Weeks after calling for the heads of five Government ministers over the long running sewage mess on the south coast, former Minister of Health Elizabeth Liz Thompson is raising concerns about the possible impact of the problem on potable water and the overall health of residents and visitors to the area.
In a Facebook post which included a video showing what appears to be raw sewage, Thompson demanded to know whether Government had sought any advice from the relevant agencies, including the Pan American Health Organization, in assessing the level of public health threat caused by the worrying leakage of raw sewage.
She also raised concerns about the likely impact of the situation on drinking water, pointing out that “if the sewage is visible above ground and is bubbling up through any space available, it must be worse underground where water pipes are located”.
“Can the ministers of health, water resource management and environment indicate what type, level and frequency of random testing of the water quality of residential and commercial properties in the affected area is being conducted to determine if there is any intrusion of bacteria or other compromise of the potable water system?
“If no tests are being conducted of properties or beach quality, with comparisons of available data from the period before this crisis, would the Government indicate why not and when it is proposed to start?” she stressed, while pleading with Minister of Finance Chris Sinckler to give the Barbados Water Authority (BWA) and the south coast sewerage plant adequate resources to effect repairs and ensure proper maintenance of the sewerage system.
It was earlier this month that Thompson had told Barbados TODAY that Sinckler, as well as Minister of Health John Boyce, Minister of the Environment Dr Denis Lowe, Minister of Tourism Richard Sealy and Minister of Agriculture and Water Resource Management Dr David Estwick should resign or be sacked over their handling of the crisis, which began over a year ago.
Her Facebook post is a continuation of the pressure on the Freundel Stuart administration to act decisively to bring an end to the issue, for which Estwick has said there was no quick fix.
Since her call popular restaurant Chicken Barn has closed its Worthing, Christ Church branch, after losing a one-year battle against raw sewage flooding its compound.
In addition, the Worthing post office has been closed for what the postmaster general was quoted in a Barbados Government Information Service announcement as calling “an ongoing environmental problem”. However, Boyce has since confirmed that the indefinite closure was due to the sewage problem.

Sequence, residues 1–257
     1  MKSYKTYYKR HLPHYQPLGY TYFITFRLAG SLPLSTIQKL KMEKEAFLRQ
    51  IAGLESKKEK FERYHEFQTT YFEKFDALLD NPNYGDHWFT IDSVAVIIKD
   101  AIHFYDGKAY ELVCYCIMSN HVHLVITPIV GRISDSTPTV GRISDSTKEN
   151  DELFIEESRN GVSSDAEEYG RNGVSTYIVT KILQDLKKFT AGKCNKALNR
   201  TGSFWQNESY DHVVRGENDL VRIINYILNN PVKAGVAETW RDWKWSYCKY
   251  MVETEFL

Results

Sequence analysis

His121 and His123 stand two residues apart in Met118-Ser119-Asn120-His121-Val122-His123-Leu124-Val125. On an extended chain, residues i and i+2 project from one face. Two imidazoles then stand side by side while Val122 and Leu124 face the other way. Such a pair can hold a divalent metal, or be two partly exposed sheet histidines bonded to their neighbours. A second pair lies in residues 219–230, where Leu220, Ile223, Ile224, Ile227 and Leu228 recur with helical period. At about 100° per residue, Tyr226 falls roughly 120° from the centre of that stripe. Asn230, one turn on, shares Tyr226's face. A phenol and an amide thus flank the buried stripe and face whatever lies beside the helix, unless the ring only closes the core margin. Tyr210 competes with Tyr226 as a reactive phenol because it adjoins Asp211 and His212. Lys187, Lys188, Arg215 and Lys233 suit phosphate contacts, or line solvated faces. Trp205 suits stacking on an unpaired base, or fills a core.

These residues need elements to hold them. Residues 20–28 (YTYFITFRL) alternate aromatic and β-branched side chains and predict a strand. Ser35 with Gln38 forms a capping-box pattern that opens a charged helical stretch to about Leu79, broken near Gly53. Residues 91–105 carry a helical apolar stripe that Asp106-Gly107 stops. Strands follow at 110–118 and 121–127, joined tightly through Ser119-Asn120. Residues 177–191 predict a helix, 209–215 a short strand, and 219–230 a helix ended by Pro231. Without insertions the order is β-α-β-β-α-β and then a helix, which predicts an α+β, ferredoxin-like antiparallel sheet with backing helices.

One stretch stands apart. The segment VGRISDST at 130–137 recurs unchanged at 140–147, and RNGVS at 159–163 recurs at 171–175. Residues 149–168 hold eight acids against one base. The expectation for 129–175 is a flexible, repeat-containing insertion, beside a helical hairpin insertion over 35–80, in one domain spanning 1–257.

Thompson today said Chicken Barn’s closure was evidence that the issue also put businesses at risk.
And she called on Minister of Commerce Donville Inniss to take action to “help impacted businesses on the south coast and protect people from losing their jobs and livelihoods”.
“We are in the high season for tourism, we are approaching Christmas, businesses in the area are losing money and the health of Barbadians is at risk,” she said in the post.
“Given its denials and delays, when does the Government propose to take action, and what does it intend to do?”
The political consultant and former Barbados Labour Party (BLP) legislator said the situation was nothing short of a crisis, using a description that the BWA had used earlier this month while describing the ongoing overflow of effluent and the pungent smell, even as it was giving the assurance that work was being done assiduously to correct the problem.
“I use the word ‘crisis’ because that is the word used by the person who the media identified as having responsibility for management of the system and because that is what we have on our hands,” Thompson said.
“Much is at risk, including jobs, health, tourism, businesses and our national reputation. How long did the Government know there was a problem and what have they been doing about it, other than denying its existence and sending two minsters to bathe in the dirty water?” she asked in reference to a public relations stunt last year by Sealy and Boyce, who were seen diving right into the waters at Worthings Beach, in full view of the media, in a move designed to reassure Barbadians and tourists alike that at no time was the beach threatened by sewage.
Thompson recalled that BLP Leader Mia Mottley had raised concernS last year about the lack of proper maintenance of the south coast sewerage plant.
However, she said, despite warnings from Mottley of the risks to tourism, public health and the environment, the Opposition Leader’s caution was ignored.